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Zero looks forward to an environmentally positive 2019

Published on 28/12/2018

In a year full of environmental news and incidents, ZERO has identified some of the key moments that demonstrate the many weaknesses that persist in environment protection.

On January 24, there was serious pollution in the Tejo river causing a thick blanket of foam to form on the river in the Abrantes area, (pictured). This capped more than two years of recurrent pollution in the upper and middle sections of the Tejo. Following the foam episode, more assertive measures were taken by the government to ensure the improvement of water quality. Test results over the next year will show whether this is working.

March was the month in which the Portuguese consumed electricity exclusively from renewable sources. The renewable electricity produced in March (4,812 GWh) exceeded the consumption of Mainland Portugal (4,647 GWh), 103.6% of total.

July 30th was the best day for air quality in the country due to meteorological conditions that dispersed pollutants. Most zones had a “very good” air quality index.

3 to 10 of August The great fire of Monchique, the most destructive in the year, burned 27,000 hectares. Very high temperatures and strong wind made it hard to put out. The fire caused a sharp deterioration in air quality with high particle concentrations recorded in mainland Portugal.

August 4th was the hottest day of the century in mainland Portugal, with an average temperature of 32.4°C and an average maximum temperature of 41.6°C.

The month of August was the warmest ever since records began, in 1931, with an average temperature of 32.4°C. During a heat wave between August 2 and 6, mean values ??of maximum temperature above 40 C were recorded on 2, 3 and 4 of August.

On August 13, the Loulé Administrative and Fiscal Court granted the precautionary measure filed by the Algarve Free Petroleum Platform (PALP) to halt the oil drilling that was planned for September off the coast of Aljezur.

Incomprehensibly, the Portuguese Government decided to appeal the decision, but on October 29 the GALP-ENI consortium gave up the project, a huge environmental victory for the population.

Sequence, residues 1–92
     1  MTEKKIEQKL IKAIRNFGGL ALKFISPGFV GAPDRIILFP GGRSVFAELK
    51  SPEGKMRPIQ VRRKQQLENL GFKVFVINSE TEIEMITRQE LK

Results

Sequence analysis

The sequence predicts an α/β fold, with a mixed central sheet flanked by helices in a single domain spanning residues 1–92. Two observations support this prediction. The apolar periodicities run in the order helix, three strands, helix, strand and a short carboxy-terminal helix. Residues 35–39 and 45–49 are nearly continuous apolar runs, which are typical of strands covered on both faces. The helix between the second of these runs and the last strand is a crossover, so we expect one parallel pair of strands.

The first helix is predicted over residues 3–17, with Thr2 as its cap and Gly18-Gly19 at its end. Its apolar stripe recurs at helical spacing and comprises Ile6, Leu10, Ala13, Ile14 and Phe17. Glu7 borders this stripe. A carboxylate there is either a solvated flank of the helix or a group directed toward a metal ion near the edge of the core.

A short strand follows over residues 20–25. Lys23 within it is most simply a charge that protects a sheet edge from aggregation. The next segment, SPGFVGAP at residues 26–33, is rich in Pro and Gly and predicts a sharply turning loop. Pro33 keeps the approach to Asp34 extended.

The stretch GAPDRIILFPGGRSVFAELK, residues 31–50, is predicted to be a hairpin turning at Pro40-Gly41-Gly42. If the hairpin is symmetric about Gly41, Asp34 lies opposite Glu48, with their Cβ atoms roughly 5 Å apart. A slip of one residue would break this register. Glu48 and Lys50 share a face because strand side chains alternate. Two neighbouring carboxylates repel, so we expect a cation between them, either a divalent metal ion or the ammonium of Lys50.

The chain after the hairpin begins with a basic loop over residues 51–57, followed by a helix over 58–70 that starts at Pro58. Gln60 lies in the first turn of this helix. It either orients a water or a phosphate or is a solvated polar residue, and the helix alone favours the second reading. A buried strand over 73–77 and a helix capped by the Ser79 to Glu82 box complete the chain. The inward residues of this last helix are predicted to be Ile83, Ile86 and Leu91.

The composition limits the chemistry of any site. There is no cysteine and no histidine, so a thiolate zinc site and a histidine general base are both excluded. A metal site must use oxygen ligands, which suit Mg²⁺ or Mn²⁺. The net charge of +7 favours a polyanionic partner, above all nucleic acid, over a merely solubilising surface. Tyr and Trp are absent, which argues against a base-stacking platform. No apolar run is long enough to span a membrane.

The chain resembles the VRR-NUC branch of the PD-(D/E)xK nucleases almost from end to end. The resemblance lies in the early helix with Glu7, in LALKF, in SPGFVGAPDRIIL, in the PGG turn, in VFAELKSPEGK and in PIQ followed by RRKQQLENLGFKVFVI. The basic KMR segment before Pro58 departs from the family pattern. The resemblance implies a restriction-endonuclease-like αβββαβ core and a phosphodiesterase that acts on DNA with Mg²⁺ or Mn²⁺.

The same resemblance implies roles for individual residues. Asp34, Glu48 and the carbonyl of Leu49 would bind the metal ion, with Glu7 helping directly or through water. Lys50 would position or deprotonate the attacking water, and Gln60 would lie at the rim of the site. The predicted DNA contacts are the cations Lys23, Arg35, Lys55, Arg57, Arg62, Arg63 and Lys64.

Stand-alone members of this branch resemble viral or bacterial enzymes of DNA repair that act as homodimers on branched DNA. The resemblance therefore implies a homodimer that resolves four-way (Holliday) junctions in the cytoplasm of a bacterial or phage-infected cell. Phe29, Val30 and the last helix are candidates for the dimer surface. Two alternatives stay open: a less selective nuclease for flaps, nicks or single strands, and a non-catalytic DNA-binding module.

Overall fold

On November 19, a road collapsed at a quarry in Borba and killed five people, even though the council and government knew the road was unsafe.

In the Alentejo, of the 347 licensed quarries, only 30% are being used and about half do not have an environmental and landscape recovery plan, which is mandatory.

In November it became evident that Portugal will not meet its European target for urban waste disposal until 2020, mainly due to the policy of the Ministry of Environment over the last 3 years.

On December 4, the Roadmap for Carbon Neutrality 2050 was presented by the Government. With more ambitious targets than those presented by the European Commission a few days earlier, the road map aims to be a guiding document for national policies that could be adopted in the coming decades, with a view to achieving 100% renewable electricity, the total decarbonisation of transport, including the issues of consumption and waste and a sustainable forest.

The challenges for 2019

The great challenges for 2019 are the adoption of measures aimed at the effective implementation of the Circular Economy and Carbon Neutrality in the coming decades, namely:

 The adoption by the Portuguese Parliament of a Climate Law, which will include the main objectives of the Road Map for Carbon Neutrality 2050, guaranteeing consistency in the policies to be implemented in the near future, regardless of which government is in charge. This regime should be adopted before the next elections and will be another step towards affirming Portugal’s position at the forefront of climate action and the future of humanity.

Substantial changes in waste policy, promoting and encouraging a true Circular economy, aligning national targets with European targets, reducing the shipment of waste to landfill and incineration, and increasing the flow of recycling at national level, including industrial and domestic composting.

Measures to safeguard soils and to foster a resilient and multifunctional forest should also be implemented. The adoption of the Integrated Rural Fire Management Plan should promote governance at all levels of management and society and should be comprehensive enough to allow for new policies for valuing ecosystems and the rural world.

The involvement of all is also necessary in the case of water. Effectively implement the Efficient Water Use Plan, promote safe reuse of treated wastewater, use of grey and rainwater, and to raise awareness to stop waste. The long-awaited publication in the first quarter of the Recycled Water Utilization Regulation could contribute significantly to this paradigm shift.

 Special attention is also paid to the sea. At a time when much is being said about the potential of the Blue Economy, it is essential to ensure that exploitation of the many and varied marine resources does not jeopardise their future viability and will not be a source of serious problems in the future. The Maritime Area Plan should guarantee the protection of ecosystems and coastal populations.